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US: Muslim men sue Alaska Airlines after removal from flight over Arabic text messages

Two Black Muslim men sue Alaska Airlines, claiming unlawful discrimination for their removal from a flight after another passenger expressed discomfort over their text messages
An Alaska Airlines plane takes off from San Francisco International Airport on 7 March, 2022 in San Francisco, California (AFP)

Two Muslim men are suing Alaska Airlines alleging discrimination, saying staff removed them from a flight for "talking and texting in Arabic".

In a lawsuit filed on 2 August made public this week, Abobakkr Dirar and Mohamed Elamin claim the incident happened after they boarded an Alaska flight from Seattle to San Francisco on 17 February 2020.

While they were awaiting departure, they made small talk with each other in Arabic. According to the lawsuit, Dirar also texted his friend something in Arabic and used an emoji. 

The lawsuit says there was an "admittedly unjustified and unnecessary display of security theatre" which allegedly included humiliating the two men by "deplaning" them, surrounding them with law enforcement officers and subjecting them to additional "unnecessary" security measures after already confirming with police the text messages were innocuous and posed no threat. 

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According to the police report, part of the text chain that dated back to 2018, included the number "911". The men's attorney said that was a joke from Dirar's friend. The police report said the rocket emoji, which had been deleted by Dirar, was intended to describe a picture positively as "the bomb".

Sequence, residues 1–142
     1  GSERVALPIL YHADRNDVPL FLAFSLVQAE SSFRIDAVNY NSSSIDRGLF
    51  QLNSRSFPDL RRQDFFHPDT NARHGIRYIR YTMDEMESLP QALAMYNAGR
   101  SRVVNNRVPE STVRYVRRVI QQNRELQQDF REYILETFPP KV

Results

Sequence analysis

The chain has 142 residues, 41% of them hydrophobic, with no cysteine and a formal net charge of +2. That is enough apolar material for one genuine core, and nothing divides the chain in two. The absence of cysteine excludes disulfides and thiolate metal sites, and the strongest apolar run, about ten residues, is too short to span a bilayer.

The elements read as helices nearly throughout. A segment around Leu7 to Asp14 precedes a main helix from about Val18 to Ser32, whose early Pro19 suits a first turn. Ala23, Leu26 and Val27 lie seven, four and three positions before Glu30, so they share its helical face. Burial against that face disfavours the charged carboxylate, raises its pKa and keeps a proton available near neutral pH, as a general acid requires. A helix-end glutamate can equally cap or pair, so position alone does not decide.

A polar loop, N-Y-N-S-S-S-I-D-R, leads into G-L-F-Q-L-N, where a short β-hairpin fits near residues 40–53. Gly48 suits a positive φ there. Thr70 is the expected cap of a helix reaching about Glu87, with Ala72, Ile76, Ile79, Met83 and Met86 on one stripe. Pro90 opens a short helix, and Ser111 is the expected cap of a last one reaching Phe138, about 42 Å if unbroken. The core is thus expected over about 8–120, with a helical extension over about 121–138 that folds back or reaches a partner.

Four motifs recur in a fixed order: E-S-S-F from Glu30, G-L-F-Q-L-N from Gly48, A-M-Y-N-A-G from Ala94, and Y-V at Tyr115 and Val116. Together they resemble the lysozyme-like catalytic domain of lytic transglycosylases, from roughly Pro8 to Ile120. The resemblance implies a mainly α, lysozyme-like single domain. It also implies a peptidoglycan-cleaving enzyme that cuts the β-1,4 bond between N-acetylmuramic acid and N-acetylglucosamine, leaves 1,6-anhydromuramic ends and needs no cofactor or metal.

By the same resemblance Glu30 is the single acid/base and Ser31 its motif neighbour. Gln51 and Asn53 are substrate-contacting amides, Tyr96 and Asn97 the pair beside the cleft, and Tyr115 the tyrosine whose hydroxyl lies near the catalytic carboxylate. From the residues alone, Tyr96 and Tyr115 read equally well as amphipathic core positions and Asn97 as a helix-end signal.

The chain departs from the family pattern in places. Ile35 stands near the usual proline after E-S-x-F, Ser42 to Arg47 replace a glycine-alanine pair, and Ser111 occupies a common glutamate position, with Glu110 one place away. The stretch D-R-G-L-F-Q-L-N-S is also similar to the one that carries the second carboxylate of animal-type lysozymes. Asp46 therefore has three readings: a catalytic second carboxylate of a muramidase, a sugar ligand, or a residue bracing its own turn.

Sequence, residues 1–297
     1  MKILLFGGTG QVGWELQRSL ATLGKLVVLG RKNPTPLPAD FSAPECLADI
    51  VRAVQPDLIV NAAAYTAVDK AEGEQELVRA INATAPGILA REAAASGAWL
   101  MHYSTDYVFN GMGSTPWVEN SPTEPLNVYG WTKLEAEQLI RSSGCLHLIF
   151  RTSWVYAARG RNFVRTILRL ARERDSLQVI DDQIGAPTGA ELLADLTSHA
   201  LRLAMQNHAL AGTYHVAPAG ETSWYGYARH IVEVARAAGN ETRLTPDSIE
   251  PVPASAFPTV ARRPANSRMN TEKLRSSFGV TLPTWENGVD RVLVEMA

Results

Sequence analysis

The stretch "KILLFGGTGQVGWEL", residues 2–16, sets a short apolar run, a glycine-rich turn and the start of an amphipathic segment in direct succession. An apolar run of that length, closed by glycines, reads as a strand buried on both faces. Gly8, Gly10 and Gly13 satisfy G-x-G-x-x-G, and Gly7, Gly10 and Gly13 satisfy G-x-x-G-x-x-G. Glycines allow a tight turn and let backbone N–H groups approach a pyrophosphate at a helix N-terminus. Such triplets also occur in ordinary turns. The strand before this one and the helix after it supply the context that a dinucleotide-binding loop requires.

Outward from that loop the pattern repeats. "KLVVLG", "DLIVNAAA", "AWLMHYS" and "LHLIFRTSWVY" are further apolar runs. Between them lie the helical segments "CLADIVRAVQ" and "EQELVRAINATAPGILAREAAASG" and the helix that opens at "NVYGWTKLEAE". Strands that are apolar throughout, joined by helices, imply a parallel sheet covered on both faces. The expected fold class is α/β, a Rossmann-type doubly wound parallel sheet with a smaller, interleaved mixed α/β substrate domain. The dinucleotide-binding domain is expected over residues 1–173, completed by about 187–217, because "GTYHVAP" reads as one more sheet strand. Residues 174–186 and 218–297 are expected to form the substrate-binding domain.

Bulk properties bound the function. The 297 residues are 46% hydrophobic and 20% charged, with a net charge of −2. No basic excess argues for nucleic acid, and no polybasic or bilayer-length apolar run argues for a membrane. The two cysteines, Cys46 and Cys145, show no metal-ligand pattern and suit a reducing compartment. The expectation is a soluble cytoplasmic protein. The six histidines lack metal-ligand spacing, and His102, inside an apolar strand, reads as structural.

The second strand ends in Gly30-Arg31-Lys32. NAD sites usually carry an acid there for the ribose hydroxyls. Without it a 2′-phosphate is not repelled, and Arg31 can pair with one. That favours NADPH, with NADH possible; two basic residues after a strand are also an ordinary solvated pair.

Dirar and Elamin had been immediately escorted off the plane with uniformed law enforcement saying the pair had "ticketing issues". 

According to the complaint, Alaska Airlines personnel informed a responding officer that the incident was a "misunderstanding between passengers", that "everything was fine", that "there was no threat of any kind", and that "police were no longer needed".

"By the time Plaintiffs finally reached their destination, they were too humiliated and traumatized by Defendant's actions to enjoy their trip," the lawsuit reads.

"Their trauma was exacerbated by knowing that such public mistreatment would give credence to Islamophobic, racist, and xenophobic beliefs which have plagued the Muslim community in the United States for decades."

In a statement, Alaska Airlines stated it "strictly prohibits discrimination" and took such complaints seriously.

"Our greatest responsibility is to ensure that our flight operations are safe every day, and that includes complying with federal regulations on investigating any passenger safety reports," the statement said. "Since this case remains pending litigation, we're unable to share any further comment or details at this time."

Muslims have often faced discrimination while flying in the US. In 2006, six imams were taken off a US Airways flight in Minneapolis and detained for several hours after some passengers and crew members complained of what they felt was suspicious behaviour. 

"I will go to the end of this process because I want the airlines to stop doing this to any person. When we travelled that day, we were not treated the same as other people, and it made me feel like I was not equal to other people," Dirar said in a statement. "I don't want this to happen again, to anyone, Muslim or not Muslim."

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